If it seems like Americans can't possibly text more than they already do, maybe it's because they can't.
If it seems like U.S. adults can't possibly text anymore than they already do, maybe it's because they can't. According to a new report from the Pew Internet and American Life Project, texting frequency among adults in America over the past year has leveled off.
The typical American adult sent or received an average of 41.5 text messages a day in 2011, precisely the same number as in 2010, according to the report, Americans and Text Messaging, which was released on Monday.
The number of calls made over cell phones has also remained constant over the past year: The average adult cell owner made or received an average of 12 calls on his or her mobile phone per day.
While the findings suggest that texting and cell phone use among American adults has normalized to a degree, Aaron Smith, the author of the study, warned against concluding that the market is saturated.
"Partially it's that people have reached a natural plateau in terms of how much they’re wiling to text," said Smith. "I think more to the point there's a natural level at which people like to text and over the course of a year or so that may not change that much, but I think if you were to measure this over several years you might see a bit more of a difference."
Also consistent with last year's findings was the number of adults who said they regularly sent or received texts: about three-quarters of the 83 percent of American adults who own cell phones.
The survey explored the preferences of cell phone users, as well. Thirty one percent said they preferred communicating by text to talking on the phone, while 53 percent said they preferred a voice call. Fourteen percent said their preferred mode of communication changed depending on the situation.
Not surprisingly, those who qualified as "heavy" text-message users (50 or more texts sent or received a day) said they preferred texting to speaking on the phone by 55 percent.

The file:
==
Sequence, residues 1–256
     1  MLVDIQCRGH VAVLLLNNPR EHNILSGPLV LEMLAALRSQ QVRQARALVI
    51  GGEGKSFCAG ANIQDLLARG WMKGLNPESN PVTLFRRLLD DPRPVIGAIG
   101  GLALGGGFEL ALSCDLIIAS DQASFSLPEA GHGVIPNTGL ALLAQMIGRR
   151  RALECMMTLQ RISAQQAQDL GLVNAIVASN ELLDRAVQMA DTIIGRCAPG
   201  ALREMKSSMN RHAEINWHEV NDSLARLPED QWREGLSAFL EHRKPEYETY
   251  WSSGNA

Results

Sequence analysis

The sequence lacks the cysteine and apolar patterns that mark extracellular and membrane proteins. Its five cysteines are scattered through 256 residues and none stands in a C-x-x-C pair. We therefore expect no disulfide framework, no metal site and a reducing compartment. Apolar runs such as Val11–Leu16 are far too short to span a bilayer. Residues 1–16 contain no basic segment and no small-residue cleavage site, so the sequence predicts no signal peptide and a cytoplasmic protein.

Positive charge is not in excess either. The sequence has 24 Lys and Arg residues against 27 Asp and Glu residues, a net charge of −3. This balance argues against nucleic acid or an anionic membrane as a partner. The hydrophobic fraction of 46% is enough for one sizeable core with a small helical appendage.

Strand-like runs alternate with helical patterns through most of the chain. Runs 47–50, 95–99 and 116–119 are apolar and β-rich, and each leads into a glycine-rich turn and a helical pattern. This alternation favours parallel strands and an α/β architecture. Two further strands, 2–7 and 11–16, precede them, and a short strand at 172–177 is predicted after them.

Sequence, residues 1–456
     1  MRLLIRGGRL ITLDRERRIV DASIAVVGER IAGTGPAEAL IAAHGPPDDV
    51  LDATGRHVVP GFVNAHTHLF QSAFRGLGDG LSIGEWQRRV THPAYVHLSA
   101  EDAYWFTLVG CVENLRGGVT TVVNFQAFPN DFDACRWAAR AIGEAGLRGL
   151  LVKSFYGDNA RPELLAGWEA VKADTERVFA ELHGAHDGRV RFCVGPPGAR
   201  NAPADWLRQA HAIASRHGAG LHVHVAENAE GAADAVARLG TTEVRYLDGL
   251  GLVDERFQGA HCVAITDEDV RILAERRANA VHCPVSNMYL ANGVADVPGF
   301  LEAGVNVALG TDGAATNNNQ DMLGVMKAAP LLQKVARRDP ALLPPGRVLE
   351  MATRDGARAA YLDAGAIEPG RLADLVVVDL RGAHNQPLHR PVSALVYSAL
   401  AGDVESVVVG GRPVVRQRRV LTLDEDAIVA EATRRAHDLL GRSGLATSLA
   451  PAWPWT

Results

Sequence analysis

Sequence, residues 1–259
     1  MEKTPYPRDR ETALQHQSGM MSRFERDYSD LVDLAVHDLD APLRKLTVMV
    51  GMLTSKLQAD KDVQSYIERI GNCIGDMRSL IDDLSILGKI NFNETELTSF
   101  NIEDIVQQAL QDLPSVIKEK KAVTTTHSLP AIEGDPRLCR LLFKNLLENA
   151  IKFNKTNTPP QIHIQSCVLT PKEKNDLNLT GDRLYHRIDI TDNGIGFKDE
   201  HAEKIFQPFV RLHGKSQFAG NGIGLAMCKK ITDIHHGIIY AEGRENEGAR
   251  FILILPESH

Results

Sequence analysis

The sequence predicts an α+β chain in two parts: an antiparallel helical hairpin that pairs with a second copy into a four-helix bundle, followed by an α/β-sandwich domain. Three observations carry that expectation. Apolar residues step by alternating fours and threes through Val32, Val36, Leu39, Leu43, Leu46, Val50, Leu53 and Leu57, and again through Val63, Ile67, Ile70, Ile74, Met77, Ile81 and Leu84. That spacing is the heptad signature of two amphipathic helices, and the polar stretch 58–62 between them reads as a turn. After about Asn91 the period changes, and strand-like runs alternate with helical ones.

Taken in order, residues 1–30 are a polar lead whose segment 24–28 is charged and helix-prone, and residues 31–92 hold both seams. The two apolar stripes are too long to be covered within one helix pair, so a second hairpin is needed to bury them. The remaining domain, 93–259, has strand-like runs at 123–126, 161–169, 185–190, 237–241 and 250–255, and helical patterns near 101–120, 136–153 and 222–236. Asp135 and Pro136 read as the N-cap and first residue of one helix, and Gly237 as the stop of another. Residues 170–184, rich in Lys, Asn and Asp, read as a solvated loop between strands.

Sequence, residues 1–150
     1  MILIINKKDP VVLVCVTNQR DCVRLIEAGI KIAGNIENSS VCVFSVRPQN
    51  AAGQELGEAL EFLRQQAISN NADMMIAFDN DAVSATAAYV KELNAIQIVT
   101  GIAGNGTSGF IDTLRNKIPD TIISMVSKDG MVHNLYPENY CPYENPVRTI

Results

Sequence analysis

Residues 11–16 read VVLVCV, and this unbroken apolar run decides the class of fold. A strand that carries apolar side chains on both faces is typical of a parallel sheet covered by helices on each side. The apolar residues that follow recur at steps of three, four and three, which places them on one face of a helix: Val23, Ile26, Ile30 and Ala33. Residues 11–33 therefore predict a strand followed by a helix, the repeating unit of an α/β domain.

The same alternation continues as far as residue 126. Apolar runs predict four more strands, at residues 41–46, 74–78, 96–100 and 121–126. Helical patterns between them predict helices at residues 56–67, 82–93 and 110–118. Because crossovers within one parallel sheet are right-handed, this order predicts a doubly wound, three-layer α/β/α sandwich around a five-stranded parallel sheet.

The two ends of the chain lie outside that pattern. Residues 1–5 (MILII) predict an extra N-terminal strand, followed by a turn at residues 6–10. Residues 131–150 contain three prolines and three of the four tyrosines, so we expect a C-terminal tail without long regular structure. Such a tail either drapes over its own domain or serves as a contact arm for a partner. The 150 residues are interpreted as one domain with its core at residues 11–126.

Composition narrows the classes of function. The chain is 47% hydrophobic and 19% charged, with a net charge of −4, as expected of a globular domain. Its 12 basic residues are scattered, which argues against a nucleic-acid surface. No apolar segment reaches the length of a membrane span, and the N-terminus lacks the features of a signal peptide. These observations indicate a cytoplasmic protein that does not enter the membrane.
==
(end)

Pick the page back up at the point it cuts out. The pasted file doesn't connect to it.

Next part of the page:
Age played a major role in predicting a person's cell phone habits. Young adults - defined as those between 18 and 24 years of age - were by far the most avid texters, sending or receiving an average of 109.5 messages per day. The typical or median cell owner in that age group sent or received 50 messages per day (another number unchanged since 2010).
The question remains whether young adults will carry their heavy text messaging habits with them as they age, or mature into less-frequent texters.
"As these young adults get jobs and they have more responsibility, as they have to deal with kids and all that, what is the implication of that for their texting behavior?" asked Smith. While he declined to make a prediction, he noted that lifestyle changes would not be the only determining factor. "The question is what other tools or applications will exist that do a lot of the same things that text messaging does today."
The survey was conducted by phone and included 2,277 respondents over the age of 18 from April through May of 2011.
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Douglas Quenqua is a journalist based in Brooklyn, NY who writes about culture and technology. His work has appeared in The New York Times, Wired, The New York Observer, and Fortune.
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